Readers wouldn't have to wait too long for that final confrontation for, after a five page Stan Lee/Don Heck tale, "The Outcast", Two-Gun Kid returns in the final five-pager in the book to tie up the loose ends from the original tale. "What happened to make Nancy Carter say ... I Hate the Two-Gun Kid" is written by Stan Lee and drawn by Jack Kirby and begins with Nancy discovering Matt Hawk tied and gagged in his own law office. Matt's been robbed by a group of masked men. Even worse, the money belongs to Nancy, held by Matt for investment for Nancy and her worthless brother Clem's futures.

Nancy runs out to alert the sheriff, while Matt puts on his mask and Two-Gun Kid costume. He has recognised one of the bandits as Clem, and knows just where to find him. With the tracking skills Ben taught him, Two-Gun Kid quickly trails the robbers to their remote prairie shack hideaway. As the kid peers through the window, the thugs are arguing among themselves about the split of the cash and one thug draws and shoots Clem. The Kid bursts in, surprising the thieves and a fight ensues. One of the thugs tosses an oil-lamp at The Kid and the shack catches fire.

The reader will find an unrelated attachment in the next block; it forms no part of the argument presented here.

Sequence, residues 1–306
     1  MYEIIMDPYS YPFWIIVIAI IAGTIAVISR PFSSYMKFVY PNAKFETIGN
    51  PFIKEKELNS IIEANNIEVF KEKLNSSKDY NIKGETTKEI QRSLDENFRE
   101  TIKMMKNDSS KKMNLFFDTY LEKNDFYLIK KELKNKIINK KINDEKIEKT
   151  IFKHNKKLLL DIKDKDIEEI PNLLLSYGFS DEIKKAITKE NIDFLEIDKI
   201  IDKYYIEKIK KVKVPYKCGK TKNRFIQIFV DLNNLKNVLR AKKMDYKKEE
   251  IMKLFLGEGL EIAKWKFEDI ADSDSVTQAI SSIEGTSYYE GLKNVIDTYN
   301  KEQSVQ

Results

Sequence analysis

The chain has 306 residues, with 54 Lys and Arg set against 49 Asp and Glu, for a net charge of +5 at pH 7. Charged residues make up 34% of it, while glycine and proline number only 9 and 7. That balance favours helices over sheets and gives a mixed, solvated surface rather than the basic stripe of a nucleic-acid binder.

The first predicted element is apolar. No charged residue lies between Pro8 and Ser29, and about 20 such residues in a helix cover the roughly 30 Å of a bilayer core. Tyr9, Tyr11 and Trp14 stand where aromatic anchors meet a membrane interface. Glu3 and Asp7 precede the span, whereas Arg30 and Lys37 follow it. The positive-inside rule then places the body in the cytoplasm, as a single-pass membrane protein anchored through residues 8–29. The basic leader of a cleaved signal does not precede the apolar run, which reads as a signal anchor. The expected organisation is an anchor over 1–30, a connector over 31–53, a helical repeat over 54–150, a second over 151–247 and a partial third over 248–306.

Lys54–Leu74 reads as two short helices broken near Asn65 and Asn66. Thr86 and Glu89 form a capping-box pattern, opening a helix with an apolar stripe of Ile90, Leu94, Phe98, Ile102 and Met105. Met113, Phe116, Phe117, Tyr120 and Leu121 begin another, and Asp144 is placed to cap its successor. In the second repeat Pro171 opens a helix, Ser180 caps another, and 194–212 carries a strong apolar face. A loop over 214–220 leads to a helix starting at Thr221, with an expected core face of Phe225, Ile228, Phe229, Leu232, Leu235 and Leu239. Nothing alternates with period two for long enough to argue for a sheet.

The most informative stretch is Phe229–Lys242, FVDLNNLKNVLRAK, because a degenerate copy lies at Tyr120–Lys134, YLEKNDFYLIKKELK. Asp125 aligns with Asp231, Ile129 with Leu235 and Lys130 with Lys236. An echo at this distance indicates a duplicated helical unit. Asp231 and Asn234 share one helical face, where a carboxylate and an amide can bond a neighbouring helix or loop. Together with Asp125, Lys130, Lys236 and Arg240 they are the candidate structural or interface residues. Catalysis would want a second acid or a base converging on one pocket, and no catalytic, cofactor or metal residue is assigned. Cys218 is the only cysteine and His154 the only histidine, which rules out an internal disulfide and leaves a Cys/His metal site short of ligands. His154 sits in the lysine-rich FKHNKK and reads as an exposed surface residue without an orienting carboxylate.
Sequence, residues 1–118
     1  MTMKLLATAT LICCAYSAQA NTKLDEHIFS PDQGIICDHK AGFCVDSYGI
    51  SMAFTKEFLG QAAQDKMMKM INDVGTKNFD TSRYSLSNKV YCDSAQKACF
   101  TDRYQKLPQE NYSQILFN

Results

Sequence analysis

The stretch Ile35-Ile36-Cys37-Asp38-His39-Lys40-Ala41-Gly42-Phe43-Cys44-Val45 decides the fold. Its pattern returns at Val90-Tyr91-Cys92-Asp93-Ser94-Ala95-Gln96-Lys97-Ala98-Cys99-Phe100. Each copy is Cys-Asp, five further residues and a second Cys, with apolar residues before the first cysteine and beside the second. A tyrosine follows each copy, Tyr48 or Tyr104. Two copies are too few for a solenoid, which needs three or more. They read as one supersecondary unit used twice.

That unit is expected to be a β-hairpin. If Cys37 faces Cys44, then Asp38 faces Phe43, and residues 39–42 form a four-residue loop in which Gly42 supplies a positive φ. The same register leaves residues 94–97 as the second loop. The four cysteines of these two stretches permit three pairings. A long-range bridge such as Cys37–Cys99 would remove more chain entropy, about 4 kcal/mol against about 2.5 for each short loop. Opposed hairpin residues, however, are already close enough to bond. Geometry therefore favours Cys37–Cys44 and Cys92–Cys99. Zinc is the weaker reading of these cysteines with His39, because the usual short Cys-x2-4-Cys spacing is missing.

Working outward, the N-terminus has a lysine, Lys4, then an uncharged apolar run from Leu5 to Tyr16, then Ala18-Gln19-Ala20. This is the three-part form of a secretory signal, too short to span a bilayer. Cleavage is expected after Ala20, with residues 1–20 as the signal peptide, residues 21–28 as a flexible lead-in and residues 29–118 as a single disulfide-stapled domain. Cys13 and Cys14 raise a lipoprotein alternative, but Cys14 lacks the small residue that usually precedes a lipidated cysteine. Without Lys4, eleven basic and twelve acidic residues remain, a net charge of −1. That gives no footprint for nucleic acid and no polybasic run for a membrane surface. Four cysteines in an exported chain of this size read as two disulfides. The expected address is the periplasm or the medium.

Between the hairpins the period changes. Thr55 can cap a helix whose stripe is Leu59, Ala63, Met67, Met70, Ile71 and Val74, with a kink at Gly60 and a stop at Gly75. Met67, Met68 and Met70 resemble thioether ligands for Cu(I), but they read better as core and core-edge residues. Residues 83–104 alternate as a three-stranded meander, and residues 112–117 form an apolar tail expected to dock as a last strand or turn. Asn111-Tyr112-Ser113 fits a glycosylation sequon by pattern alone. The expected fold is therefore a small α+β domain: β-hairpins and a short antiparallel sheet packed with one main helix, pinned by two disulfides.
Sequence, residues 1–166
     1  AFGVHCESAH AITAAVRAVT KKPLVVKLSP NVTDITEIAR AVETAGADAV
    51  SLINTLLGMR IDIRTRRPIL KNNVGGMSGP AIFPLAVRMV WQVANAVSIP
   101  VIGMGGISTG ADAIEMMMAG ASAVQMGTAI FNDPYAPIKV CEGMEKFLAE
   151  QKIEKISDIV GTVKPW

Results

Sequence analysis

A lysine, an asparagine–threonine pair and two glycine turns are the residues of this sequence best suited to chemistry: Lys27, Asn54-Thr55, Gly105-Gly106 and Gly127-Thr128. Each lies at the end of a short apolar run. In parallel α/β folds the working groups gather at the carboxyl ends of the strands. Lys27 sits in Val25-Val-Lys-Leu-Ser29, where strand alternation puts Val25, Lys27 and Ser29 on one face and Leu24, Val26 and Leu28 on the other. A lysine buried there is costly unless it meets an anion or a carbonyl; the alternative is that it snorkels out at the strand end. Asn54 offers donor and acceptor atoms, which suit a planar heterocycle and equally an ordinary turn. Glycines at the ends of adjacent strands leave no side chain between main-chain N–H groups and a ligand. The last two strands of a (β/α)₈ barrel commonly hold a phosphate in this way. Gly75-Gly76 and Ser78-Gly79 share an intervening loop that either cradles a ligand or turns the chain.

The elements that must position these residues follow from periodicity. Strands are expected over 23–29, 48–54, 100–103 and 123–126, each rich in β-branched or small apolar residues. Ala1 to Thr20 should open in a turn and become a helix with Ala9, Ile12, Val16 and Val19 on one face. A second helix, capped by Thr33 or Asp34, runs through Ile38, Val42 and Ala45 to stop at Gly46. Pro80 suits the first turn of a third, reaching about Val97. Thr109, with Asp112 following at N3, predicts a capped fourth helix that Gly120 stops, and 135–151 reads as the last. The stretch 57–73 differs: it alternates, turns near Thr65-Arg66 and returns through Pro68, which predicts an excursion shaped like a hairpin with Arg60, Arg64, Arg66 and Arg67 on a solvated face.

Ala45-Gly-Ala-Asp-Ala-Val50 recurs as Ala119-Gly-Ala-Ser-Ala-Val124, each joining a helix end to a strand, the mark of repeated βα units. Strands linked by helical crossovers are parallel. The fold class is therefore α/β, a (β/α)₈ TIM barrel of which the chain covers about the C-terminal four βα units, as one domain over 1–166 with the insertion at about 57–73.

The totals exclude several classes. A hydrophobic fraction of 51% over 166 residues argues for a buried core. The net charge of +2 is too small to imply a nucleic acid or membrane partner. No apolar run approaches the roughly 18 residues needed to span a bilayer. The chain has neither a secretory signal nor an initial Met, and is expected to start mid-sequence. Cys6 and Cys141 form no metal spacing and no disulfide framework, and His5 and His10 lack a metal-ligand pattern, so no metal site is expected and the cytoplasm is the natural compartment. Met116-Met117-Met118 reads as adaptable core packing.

By the time The Kid has carried Clem from the blazing cabin, the erstwhile bandit has died from his gunshot wound. The sheriff's posse, alerted by Nancy, chooses that moment to show up, and takes The Kid for one of the bandits. Matt escapes easily, but when he returns to town, the sheriff has told Nancy that it was The Two-Gun Kid that killed her brother. And that's why Nancy Carter hates the Two-Gun Kid.